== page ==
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People v. Maceda

Criminal Court of City of New York, Queens

July 9, 2013

The PEOPLE of the State of New York
Eduardo MACEDA, Defendant. No. 2012QN046965.

Editorial Note:

This decision has been referenced in a table in the New York Supplement.

Tasha Lloyd, for defendant.

ADA Priya Ravishankar, for the People.


The defendant, Eduardo Maceda, is charged with Assault in the Third Degree, Penal Law [" PL" ] § 120.00(1) and Harassment in the Second Degree, PL § 240.26(1).

The defendant moves to dismiss the accusatory instrument on two grounds. First, he contends that the information is defective because it contains hearsay. In sum, he argues that because the complainant's supporting deposition was not filed with an affidavit from a qualified interpreter certifying that he or she accurately translated the misdemeanor complaint to the complainant (a " Certificate of Translation" ), the misdemeanor complaint was improperly deemed an information. Additionally, he asserts that since the People consequently failed to announce their readiness upon a valid accusatory instrument within the requisite 90 day period, he has been denied his right to a speedy trial under Criminal Procedure Law [" CPL" ] § 30.30(1)(b). Contrary to the defendant's contention, the issue of whether the complainant misread or misunderstood the misdemeanor complaint due to a language barrier is a latent defect which does not affect the facial sufficiency of the instrument. Because the supporting deposition is valid on its face, a Certificate of Translation is not required to deem the complaint an information. Consequently, since the non-hearsay factual allegations of the information, accepted as true, establish every element of the offenses charged, the defendant's motion to dismiss for facial insufficiency pursuant to CPL § 170.35(1)(a) is denied. Further, since the People declared their readiness for trial upon a facially sufficient information, and are chargeable with less than 90 days since arraignment, the defendant's motion to dismiss pursuant to CPL § 30.30(1)(b) is denied.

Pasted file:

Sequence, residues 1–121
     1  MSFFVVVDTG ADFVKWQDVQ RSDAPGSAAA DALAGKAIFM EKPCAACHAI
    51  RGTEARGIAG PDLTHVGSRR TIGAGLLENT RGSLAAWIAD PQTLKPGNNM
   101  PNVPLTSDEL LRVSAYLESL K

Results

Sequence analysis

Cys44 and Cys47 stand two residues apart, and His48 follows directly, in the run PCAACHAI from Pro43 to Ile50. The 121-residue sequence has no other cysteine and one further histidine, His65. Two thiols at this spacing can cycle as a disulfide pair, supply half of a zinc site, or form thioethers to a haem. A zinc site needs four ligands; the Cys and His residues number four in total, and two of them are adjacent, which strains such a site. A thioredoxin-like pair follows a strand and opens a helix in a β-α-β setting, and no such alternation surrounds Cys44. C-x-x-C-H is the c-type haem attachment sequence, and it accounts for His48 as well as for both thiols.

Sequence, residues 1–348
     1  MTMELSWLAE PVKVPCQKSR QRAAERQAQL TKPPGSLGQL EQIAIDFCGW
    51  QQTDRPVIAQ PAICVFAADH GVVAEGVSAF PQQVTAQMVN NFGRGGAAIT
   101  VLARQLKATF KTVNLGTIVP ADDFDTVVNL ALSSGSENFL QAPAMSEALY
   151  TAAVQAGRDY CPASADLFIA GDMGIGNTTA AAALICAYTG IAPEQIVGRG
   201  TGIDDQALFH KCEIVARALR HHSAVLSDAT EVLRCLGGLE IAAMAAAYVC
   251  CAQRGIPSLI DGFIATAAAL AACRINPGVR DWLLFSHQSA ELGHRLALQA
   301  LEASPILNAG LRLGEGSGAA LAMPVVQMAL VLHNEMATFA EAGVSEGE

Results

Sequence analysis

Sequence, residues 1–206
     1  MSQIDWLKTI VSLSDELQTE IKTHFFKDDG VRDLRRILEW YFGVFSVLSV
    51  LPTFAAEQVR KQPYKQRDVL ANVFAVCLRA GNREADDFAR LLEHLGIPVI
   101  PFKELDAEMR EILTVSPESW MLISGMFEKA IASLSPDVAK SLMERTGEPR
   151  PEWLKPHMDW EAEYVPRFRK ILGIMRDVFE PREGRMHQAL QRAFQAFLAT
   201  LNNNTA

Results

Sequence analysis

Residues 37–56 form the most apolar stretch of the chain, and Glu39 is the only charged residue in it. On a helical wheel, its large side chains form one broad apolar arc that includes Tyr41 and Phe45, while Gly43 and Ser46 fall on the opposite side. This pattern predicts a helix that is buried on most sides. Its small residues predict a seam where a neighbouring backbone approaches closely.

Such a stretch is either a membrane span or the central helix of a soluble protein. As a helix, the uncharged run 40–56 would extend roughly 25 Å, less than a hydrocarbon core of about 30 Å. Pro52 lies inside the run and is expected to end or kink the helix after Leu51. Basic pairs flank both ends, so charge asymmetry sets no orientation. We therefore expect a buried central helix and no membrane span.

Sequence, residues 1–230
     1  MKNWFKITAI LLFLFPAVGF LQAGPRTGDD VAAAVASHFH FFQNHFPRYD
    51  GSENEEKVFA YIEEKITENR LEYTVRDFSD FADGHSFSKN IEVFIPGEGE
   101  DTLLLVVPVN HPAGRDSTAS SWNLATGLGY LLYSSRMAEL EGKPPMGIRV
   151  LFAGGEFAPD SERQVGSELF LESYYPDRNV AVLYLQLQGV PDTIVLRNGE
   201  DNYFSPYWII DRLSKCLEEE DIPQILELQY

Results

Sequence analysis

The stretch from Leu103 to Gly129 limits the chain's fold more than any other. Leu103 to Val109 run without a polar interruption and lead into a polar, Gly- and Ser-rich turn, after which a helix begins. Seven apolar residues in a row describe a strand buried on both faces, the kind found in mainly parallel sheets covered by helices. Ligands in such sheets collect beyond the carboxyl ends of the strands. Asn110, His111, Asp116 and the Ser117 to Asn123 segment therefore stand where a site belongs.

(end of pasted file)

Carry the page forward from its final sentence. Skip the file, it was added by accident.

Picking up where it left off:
The defendant was arraigned on the misdemeanor complaint on August 31, 2012. The complaint alleges that Lourdes Martinez informed Detective Holmes Canovas that on July 1, 2012, in Queens County, the defendant punched her on the back of the head and face, causing lacerations, bruising and swelling to her head. Off-calendar on September 19, 2012, the People filed and served a supporting deposition from Lourdes Martinez Rojas [1]. The supporting deposition states that " I, Lourdes Martinez Rojas, depose and say that I have read the accusatory instrument in the above-entitled action and that the facts therein stated to be on information furnished by me are true based upon my personal knowledge." The supporting deposition is signed by Lourdes Martinez Rojas above a form notice stating that " false statements made herein are punishable as a Class " A" misdemeanor pursuant to Section 210.45 of the Penal Law." With the supporting deposition, the People additionally filed and served an affidavit from the assigned assistant district attorney swearing that she witnessed an interpreter from AT & T's Language Line Interpretation Service translate the misdemeanor complaint and supporting deposition to Lourdes Martinez Rojas in Spanish over the telephone.

The defendant argues that for the supporting deposition to be valid, the People must submit an affidavit from the AT & T language interpreter attesting to his or her proficiency, qualifications and the accuracy of the translation to the complainant. He relies in part on a position paper issued on February 27, 2009 by the National Association of Judiciary Interpreters and Translators, which recommends that telephone interpretation be used only when " no certified, qualified or language skilled interpreter ... is available in person." He contends that without such an affidavit, the supporting deposition is defective and does not cure the hearsay in the complaint. He claims that the information therefore is facially insufficient, rendering the People's declarations of readiness illusory.